Design a Direct 6-GHz Local Oscillator with a New, Wideband, Integer-N, PLL Synthesizer


Establishing a new benchmark for speed and RF phase-noise performance, the ADF4106 Phase-Locked-Loop Synthesizer is fully specified to operate at frequencies up to 6.0 GHz. This allows designs for the 5.4-GHz-to-5.8-GHz upper ISM band to be greatly simplified. Fabricated on an advanced 0.35-µm BiCMOS process, it displaces the pin- and software-compatible 4-GHz ADF4113 as the fastest available integer-N synthesizer—and can achieve 3-dB lower phase noise to boot! It requires only a 3.3-V supply, yet its VP pin is specified at up to 5.5 V, for compatibility with tuning voltage levels often required by modular VCOs used in base stations.

Figure 1
Figure 1. Functional block diagram of the ADF4106

The ADF4106 frequency synthesizer (Figure 1) can be used to implement local oscillators (LOs) in the up- and down-conversion sections of wireless receivers and transmitters. It consists of a low-noise digital phase-frequency detector (PFD), a precision charge pump, a programmable reference divider, programmable A and B counters and a dual-modulus prescaler (P/P+1). The A (6-bit) and B (13-bit) counters, in conjunction with the dual-modulus prescaler (P/P+1), implement an N-divider (N = BP+A). In addition, the 14-bit reference (R) counter, allows selectable REFIN frequencies at the PFD input. A complete phase-locked loop (PLL) can be implemented if the synthesizer is used with an external loop filter and voltage-controlled oscillator (VCO). Its very high bandwidth means that frequency doublers can be eliminated in many high-frequency systems, simplifying system architecture and lowering cost.

Wide bandwidth allows it to function as a 6-GHz local oscillator

Figure 2
Figure 2. Standard PLL architecture

The standard PLL system architecture, used by the ADF4106—and its predecessor, the ADF4113—is shown in Figure 2. Since the maximum operating frequency of the ADF4113 is about 4 GHz, higher frequencies require the use of a frequency doubler—which usually calls for an extra RF amplifier to produce an adequate level for the doubler. Use of the ADF4106 eliminates the frequency doubler and its associated circuitry, achieving a much simpler and more power-efficient LO. For example, the design shown in Figure 3 generates RF output frequencies, with 1-MHz channel separation, from 5.4 GHz up to 6.0 GHz. The phase noise measured at the upper end was -83 dBc/Hz.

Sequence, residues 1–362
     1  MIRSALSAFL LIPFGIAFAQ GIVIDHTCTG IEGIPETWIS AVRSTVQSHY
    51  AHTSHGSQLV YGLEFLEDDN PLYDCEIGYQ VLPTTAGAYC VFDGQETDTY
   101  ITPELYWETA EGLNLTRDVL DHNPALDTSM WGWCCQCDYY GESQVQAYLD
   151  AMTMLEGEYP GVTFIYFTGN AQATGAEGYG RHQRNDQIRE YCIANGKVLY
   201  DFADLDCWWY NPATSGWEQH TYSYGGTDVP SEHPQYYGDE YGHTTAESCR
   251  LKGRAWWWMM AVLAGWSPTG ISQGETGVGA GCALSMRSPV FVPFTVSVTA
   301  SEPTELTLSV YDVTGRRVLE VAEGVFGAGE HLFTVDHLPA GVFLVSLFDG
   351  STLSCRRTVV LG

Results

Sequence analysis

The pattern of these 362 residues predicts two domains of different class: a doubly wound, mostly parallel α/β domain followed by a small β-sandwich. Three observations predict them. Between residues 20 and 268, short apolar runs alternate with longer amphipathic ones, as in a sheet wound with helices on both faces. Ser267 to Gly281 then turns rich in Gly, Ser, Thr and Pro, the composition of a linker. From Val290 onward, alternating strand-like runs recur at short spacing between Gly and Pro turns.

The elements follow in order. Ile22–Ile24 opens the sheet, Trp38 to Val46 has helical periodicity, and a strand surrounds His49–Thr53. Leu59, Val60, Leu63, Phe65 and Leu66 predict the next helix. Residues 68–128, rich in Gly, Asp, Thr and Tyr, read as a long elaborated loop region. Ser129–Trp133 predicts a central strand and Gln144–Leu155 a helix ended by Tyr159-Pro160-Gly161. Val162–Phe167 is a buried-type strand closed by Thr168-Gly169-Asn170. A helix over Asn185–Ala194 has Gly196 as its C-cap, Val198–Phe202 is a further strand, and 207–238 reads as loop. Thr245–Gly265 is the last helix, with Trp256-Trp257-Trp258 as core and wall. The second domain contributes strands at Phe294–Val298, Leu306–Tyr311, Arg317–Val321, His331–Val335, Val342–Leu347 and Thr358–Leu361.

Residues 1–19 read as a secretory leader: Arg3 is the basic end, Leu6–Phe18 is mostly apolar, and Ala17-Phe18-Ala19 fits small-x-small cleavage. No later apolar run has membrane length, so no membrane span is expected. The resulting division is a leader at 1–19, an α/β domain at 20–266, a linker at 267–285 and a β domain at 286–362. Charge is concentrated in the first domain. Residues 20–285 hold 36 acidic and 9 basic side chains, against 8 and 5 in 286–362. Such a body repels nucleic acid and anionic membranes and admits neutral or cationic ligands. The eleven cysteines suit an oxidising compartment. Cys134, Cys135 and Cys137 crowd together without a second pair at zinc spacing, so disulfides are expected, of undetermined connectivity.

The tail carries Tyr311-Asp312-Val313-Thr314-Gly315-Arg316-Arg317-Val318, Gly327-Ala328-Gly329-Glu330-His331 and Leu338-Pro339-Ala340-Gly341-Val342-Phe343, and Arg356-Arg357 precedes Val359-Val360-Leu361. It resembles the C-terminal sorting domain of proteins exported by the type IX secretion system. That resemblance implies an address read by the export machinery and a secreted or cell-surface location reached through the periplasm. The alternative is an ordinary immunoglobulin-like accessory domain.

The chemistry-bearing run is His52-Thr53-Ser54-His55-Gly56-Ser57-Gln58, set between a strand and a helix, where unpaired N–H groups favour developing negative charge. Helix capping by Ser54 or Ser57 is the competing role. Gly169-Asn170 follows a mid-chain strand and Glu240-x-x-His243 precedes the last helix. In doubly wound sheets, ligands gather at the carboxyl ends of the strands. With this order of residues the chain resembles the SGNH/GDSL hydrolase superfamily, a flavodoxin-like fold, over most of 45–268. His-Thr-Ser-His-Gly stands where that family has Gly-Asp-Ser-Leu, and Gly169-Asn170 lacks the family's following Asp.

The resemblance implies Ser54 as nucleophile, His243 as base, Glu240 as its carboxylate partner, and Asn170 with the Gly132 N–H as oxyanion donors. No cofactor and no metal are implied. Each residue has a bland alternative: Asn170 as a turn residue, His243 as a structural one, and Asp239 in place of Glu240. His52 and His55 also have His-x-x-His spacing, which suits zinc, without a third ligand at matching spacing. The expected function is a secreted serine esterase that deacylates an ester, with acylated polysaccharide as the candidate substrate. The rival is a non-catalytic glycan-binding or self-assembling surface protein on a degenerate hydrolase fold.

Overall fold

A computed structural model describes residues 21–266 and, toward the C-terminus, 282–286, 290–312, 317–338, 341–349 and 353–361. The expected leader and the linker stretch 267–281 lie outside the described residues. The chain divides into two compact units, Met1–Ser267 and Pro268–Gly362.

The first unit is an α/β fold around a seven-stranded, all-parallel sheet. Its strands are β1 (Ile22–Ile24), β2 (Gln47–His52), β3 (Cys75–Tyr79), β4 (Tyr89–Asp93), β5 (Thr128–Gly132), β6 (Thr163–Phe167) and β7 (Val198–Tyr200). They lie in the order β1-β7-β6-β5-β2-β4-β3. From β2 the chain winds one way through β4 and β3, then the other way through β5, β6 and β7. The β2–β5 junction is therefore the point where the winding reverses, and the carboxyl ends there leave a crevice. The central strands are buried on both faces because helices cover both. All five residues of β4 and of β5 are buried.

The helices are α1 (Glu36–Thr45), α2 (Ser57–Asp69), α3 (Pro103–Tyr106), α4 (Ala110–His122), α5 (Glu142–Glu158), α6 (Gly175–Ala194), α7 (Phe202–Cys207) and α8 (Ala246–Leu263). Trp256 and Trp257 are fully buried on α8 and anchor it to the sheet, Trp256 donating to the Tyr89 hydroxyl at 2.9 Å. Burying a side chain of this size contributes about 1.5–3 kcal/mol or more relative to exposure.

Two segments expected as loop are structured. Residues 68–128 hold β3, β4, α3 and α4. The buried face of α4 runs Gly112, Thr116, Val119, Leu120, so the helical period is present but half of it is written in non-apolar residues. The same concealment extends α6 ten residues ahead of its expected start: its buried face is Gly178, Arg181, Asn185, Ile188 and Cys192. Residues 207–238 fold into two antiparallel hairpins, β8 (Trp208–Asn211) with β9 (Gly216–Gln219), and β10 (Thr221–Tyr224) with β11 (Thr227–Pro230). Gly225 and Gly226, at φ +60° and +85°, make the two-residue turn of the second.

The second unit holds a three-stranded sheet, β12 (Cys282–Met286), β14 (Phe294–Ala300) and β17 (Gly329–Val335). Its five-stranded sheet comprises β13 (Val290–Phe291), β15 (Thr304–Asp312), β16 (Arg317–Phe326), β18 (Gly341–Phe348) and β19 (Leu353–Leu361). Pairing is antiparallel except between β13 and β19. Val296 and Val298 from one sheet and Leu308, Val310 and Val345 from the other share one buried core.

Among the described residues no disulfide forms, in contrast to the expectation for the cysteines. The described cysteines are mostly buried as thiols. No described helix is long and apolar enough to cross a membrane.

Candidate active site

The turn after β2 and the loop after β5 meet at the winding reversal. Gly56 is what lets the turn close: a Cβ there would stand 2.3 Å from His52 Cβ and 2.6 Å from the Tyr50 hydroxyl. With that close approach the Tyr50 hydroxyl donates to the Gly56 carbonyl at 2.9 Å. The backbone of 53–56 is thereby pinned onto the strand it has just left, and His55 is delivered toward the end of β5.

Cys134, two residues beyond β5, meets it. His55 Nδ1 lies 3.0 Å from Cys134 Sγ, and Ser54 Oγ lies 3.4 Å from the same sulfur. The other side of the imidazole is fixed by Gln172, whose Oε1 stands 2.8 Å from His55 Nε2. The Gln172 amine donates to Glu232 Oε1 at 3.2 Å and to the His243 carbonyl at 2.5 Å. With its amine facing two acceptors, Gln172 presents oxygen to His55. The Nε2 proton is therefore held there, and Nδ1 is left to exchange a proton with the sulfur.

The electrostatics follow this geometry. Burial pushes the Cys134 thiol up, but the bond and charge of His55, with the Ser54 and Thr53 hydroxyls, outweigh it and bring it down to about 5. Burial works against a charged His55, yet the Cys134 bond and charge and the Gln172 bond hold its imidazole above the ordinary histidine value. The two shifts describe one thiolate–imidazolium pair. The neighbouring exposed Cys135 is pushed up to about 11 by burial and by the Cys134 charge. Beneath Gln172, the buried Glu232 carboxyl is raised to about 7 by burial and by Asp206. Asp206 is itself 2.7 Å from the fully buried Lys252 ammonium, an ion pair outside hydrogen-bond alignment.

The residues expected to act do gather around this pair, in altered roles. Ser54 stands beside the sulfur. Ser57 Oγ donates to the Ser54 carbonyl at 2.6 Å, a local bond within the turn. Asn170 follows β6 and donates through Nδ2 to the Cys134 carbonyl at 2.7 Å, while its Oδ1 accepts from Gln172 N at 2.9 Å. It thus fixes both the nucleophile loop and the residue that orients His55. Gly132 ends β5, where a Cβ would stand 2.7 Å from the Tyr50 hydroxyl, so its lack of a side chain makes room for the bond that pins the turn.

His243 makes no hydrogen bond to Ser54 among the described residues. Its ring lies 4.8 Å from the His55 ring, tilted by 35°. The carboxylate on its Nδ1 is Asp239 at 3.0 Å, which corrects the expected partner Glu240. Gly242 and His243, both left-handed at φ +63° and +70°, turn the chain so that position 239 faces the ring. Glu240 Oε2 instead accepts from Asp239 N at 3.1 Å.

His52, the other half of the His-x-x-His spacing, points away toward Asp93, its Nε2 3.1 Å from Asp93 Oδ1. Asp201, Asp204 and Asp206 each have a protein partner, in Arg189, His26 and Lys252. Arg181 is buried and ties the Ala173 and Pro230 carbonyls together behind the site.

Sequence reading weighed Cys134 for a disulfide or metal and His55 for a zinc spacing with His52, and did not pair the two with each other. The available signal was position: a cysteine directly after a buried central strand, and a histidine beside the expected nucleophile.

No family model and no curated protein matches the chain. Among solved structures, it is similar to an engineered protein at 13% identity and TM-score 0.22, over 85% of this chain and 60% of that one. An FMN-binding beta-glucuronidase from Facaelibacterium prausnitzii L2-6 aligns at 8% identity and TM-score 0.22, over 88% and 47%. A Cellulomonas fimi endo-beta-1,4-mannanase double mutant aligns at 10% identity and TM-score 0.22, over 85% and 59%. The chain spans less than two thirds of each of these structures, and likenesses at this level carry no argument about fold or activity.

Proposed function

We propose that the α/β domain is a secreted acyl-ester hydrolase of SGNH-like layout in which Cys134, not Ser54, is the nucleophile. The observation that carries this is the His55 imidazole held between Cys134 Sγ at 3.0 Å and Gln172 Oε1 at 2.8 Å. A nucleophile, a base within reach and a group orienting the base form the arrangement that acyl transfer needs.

Figure 3
Figure 3. The ADF4106 used to implement a 6.0-GHz local oscillator.

Because the input impedance of the ADF4106 at this high operating frequency is very close to 50 ohms, a 50-ohm terminating resistor at the RF input is not needed for maximum power transfer efficiency. When operating at lower frequencies, the s-parameters in the data sheet give the impedance values needed for matching.

Low phase noise allows it to work as a low-noise, fast-settling 1.5-GHz local oscillator

The ADF4106, in conjunction with a wide-bandwidth divider, can improve the phase noise and lock time of a standard local oscillator circuit at frequencies below 2.0 GHz.

A typical wireless system might be generating frequencies in 200-kHz increments from 1450 MHz to 1500 MHz. Using an integer-N architecture to do this, a phase/frequency-detector reference frequency of 200 kHz is needed, and the N value would vary from 7250 (1450 MHz) to 7500 (1500 MHz).

Using the ADF4106 for best performance would give a phase noise figure of –88 dBc/Hz. Typical reference spurs in such a system would be –88 dBc at 200 kHz and –90 dBc at 400 kHz. Implementing a loop bandwidth of 20 kHz, typical lock time to 10 degrees of phase error would be 250 µs.

Figure 4
Figure 4a. Architecture for improved lock time, phase noise and reference spurs.